Clark said the biggest challenge is getting permission from individuals to install sensors. They’re commonly placed on public property. In some cases they’re installed on three- and four-story rooftops. In other cases, church steeples.
Once the company has permission, it sends a team to install the sensors, Clark said. The next step is a live-fire test to calibrate the sensors. Sometimes, he said, there’s enough ambient gunfire to dial them in without a test.
ShotSpotter’s already up and running at Edward Waters College, which is in one of the city’s most violent ZIP Codes. Nearly a dozen sensors monitor the campus — college staff credit them with zeroing in on the September 2016 shootout that killed a 37-year-old man.
George Dandelake, special assistant to college president Nat Glover and a former police officer, said the devices are fine-tuned with live-fire tests before they become operational. He said the devices can tell the difference between legitimate gunfire and other noise, such as fireworks or a backfiring vehicle.
The system uses a series of toaster-sized sensors, with typically 20 sensors per square mile including several backups. When three sensors recognize gunfire, the vendor verifies the sound and notifies police.
“They require electricity but they take about the energy of a night light, so they’re not particularly thirsty,” Clark said.
One of ShotSpotter’s selling points is an accelerated police response to shootings. The company estimates nearly 80 percent of gunfire incidents go unreported, and its technology is marketed as a way to help police bridge that gap.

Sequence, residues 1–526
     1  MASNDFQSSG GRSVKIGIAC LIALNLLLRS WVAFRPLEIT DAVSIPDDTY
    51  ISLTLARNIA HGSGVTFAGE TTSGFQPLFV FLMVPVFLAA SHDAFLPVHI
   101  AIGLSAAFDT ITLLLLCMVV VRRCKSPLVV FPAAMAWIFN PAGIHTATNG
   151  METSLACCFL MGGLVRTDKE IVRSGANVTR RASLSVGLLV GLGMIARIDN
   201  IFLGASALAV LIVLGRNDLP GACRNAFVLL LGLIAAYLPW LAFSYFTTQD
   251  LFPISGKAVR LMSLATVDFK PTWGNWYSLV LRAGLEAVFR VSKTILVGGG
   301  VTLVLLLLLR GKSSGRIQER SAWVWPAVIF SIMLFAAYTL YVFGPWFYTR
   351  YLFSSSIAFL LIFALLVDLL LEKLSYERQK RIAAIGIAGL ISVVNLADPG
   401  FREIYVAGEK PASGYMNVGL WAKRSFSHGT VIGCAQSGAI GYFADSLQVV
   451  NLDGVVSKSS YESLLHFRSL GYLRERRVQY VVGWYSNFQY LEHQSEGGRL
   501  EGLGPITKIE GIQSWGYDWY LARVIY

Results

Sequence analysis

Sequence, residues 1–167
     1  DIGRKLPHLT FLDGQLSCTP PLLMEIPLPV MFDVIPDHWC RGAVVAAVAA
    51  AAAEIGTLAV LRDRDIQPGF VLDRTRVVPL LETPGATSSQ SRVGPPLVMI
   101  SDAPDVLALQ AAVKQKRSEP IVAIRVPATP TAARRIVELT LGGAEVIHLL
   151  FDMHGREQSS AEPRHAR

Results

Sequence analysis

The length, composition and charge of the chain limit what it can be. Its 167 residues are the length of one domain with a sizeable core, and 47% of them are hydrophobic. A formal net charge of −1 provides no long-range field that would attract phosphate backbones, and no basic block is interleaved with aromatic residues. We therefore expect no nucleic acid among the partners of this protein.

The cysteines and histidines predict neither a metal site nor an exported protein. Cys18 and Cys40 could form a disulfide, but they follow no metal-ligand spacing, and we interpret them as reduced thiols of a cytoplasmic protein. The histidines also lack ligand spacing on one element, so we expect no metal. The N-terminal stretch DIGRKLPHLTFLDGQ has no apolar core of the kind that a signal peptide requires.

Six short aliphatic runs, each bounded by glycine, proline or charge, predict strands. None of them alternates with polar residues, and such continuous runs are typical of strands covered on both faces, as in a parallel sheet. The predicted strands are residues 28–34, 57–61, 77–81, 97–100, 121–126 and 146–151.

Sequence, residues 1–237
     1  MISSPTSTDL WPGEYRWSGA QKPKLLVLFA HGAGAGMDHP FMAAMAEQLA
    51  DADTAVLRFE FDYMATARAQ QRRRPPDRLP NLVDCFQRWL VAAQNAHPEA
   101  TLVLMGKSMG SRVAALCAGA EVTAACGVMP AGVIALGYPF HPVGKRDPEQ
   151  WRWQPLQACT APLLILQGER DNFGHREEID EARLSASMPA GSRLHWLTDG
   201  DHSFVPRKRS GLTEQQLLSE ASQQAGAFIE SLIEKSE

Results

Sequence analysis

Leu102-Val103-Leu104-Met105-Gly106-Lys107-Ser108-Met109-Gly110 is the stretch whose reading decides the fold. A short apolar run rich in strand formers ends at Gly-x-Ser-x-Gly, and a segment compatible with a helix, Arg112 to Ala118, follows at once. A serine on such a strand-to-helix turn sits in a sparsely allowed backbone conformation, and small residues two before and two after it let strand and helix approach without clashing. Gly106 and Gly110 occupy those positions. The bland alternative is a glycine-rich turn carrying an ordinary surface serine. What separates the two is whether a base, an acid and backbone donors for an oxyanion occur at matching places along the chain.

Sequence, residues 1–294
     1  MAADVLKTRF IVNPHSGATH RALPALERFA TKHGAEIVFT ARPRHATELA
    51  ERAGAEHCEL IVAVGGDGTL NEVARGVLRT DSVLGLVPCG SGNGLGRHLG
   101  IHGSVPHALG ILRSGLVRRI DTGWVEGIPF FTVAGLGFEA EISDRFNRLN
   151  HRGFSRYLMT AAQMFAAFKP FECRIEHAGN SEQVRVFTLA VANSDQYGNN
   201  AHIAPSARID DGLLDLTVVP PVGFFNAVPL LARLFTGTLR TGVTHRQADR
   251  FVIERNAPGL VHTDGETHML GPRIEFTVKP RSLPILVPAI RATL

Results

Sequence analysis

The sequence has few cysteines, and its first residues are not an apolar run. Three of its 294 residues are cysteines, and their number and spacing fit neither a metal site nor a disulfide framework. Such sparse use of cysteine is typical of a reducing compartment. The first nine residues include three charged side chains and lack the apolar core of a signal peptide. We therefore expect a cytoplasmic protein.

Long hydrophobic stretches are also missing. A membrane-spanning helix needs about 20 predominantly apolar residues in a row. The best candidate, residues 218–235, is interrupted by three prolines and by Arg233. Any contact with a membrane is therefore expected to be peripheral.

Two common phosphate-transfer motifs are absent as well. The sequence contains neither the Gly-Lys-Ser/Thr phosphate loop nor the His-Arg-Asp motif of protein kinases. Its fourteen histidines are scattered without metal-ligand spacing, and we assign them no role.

“You can’t be legitimate to the community if you don’t show up to 80 percent of the shootings,” Clark said.
He said the technology’s full potential is unlocked when paired with the National Integrated Ballistic Information Network (NIBIN), a bullet-tracing database that stores information about the signatures of spent rounds and shell casings recovered from shootings and those fired from seized guns.
That’s one of the ways Sheriff Mike Williams plans to use ShotSpotter.
“Like any kind of technology, it’s not a ‘cure all’ – but as we integrate this technology into our work, along with the IBIS machine that is part of the NIBIN ballistics testing and data repository, we are looking for an enhanced ability to make better cases for prosecution and identify neighborhoods that might benefit from officers working more closely with citizens to identify suspects and concerns,” Williams said.